Tony Dokoupil of NBC News has written the best mainstream news piece I’ve read on the Kevin Sabet’s misnamed Project SAM (Smart Approaches to Marijuana). Focusing on the co-founder, former Rhode Island congressman and cocaine/alcohol/oxycodone addict Patrick Kennedy, the piece is entitled “Treatment or Jail: Patrick Kennedy Wages Fierce Anti-Pot Crusade.” Dokoupil succeeds in getting Kennedy and Sabet to reveal their intentions so openly that they sabotage their credibility with any reader even slightly informed on the Drug War.
Dokoupil writes: Kennedy believes there is "an epidemic in this country of epic dimensions when it comes to alcohol and drugs.” He'd like to treat it all, but he’s convinced that the single biggest threat to America’s mental health is free-market marijuana.
We now have a majority in this country that knows marijuana is safer than alcohol. The president even thinks “marijuana is no more harmful than alcohol.” Besides alcohol, many Americans have seen the effects of crack, meth, heroin and prescription painkiller abuse with their own two eyes. But marijuana is the single biggest threat?
Kennedy then tells Dokoupil, “It [marijuana] takes you to the same place as cocaine or heroin. It just takes longer.”
So, then, marijuana is far less harmful, no? And if that “place” is death by overdose, body-wracking withdrawals and intense cravings then, no, marijuana does not take you to the same place. If that “place” is a black market drug dealer, then your statement makes sense, Mr. Kennedy.
Dokoupil describes the Project SAM platform of decriminalization for simple possession, with mandatory screening for “marijuana addiction” (regular use), mandatory “marijuana education” (scare propaganda), and a year in a “probation program” (regular pee tests), which, if failed, lead to jail. Kennedy explains, “Incarceration is a powerful motivator. That does it for a lot of people; it's the turning point: hearing that judge say treatment or jail.”
Yes, it is remarkable how pee tests backed by the threat of jail force pot smokers to quit. Why, it’s almost as if that “addiction” is fairly easy to break, huh? And considering how many pot smokers there are, their ease at breaking their marijuana “addiction” must do wonders for the drug court and rehab success statistics when it comes time to apply for that next funding grant.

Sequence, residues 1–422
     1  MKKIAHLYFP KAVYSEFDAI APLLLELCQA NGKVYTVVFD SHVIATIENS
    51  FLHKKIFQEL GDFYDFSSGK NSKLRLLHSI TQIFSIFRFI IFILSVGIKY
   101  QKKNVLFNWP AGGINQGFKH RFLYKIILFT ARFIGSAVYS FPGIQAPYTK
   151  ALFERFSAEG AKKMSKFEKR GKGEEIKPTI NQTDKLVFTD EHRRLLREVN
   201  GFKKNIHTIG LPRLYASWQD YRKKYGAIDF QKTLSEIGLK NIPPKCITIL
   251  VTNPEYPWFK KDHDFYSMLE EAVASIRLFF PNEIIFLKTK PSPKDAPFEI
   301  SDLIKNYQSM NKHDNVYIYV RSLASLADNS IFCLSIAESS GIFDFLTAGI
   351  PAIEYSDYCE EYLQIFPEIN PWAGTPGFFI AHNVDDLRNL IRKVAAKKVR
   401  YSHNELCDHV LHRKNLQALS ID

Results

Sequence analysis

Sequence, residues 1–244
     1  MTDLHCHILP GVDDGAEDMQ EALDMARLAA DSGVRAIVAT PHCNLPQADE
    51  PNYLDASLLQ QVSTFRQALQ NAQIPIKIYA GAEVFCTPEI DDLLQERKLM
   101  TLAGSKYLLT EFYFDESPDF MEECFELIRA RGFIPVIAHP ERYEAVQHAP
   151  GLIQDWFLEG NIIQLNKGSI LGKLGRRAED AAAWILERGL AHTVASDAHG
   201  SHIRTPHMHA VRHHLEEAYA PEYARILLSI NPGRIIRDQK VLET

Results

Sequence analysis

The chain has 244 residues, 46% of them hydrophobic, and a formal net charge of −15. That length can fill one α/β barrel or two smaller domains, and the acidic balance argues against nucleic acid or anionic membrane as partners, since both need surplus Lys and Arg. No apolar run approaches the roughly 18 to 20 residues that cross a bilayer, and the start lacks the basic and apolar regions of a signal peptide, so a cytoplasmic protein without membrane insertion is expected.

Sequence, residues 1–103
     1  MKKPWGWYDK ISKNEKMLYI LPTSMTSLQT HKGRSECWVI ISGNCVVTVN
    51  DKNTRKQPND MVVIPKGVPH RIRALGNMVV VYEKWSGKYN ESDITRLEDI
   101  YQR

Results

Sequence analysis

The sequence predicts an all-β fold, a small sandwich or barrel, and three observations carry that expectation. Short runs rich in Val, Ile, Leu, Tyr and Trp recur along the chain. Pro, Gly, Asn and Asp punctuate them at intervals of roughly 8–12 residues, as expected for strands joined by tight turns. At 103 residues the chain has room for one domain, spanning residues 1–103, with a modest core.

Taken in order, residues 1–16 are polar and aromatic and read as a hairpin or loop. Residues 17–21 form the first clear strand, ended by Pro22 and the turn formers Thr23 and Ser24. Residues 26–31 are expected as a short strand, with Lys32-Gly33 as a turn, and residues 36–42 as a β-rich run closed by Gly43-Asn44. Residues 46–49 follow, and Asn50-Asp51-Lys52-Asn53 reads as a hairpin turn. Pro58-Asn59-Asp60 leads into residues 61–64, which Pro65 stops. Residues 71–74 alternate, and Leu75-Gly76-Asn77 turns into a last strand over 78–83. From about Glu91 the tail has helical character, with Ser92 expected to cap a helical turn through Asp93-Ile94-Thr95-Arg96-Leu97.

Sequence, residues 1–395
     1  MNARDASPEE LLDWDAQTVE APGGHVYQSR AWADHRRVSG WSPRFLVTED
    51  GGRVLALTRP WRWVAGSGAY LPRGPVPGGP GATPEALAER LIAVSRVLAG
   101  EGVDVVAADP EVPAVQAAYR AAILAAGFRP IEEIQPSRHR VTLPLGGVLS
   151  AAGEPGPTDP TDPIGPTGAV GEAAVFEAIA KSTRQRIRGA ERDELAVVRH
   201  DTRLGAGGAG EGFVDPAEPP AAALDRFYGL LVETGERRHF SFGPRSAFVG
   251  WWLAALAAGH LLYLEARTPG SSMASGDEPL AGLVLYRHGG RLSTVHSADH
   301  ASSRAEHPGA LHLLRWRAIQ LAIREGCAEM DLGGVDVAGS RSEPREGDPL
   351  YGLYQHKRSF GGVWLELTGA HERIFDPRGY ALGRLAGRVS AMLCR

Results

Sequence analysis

In the government’s Treatment Episode Data Set -- Admissions (2011), which represents all admissions to rehabs that receive public funds (and in some states, privately-funded rehabs as well), they tracked 1.8 million of the nation’s 2.6 million in rehab. Of those 1.8 million, 700,000 rehabbers had used marijuana and 1.1 million had not. So about 2/5ths of all rehabbers have smoked pot.
Furthermore, 143,000 of the 700,000 marijuana rehabbers (about 1 in 5) only smoked pot; they weren’t flagged for any other drugs or alcohol. Another 230,000 used marijuana and alcohol, but no other drugs. That makes pot-only rehabbers about 8% and pot-and-alcohol rehabbers about 21% of the total rehabbers. And of those pot-only rehabbers, about one-third are weekend tokers and over a third didn’t smoke pot the month before rehab. Here’s a comparison of how they all ended up in rehab:
Criminal Justice System Referrals: 44% if pot was one of your drugs; 28% if pot was not one of your drugs. 53% if you only smoked pot; 33% if you only used a drug or alcohol.
School / Employer / Community Referrals: 18% if pot was one of your drugs; 12% if pot was not one of your drugs. 25% if you only smoked pot; 11% if you only used a drug or alcohol.
Health Care Providers: 13% if pot was one of your drugs; 19% if pot was not one of your drugs. 7% if you only smoked pot; 17% if you only used a drug or alcohol.
Self-Referrals: 25% if pot was one of your drugs; 42% if pot was not one of your drugs. 14% if you only smoked pot; 39% if you only used a drug or alcohol.
In summary, if you smoke pot, you’re more likely to be forced into rehab by a court than people who use drugs and alcohol, who are almost three times as likely to admit themselves to rehab than pot smokers. Employers, schools, and community are three times more likely to refer a pot smoker to rehab than medical professionals. When marijuana is legal, rehabs lose almost four sentenced pot smokers for every one self-admitted pot smoker. Now you know for whom Patrick Kennedy is fighting his anti-pot crusade -- the drug testing and rehab industries.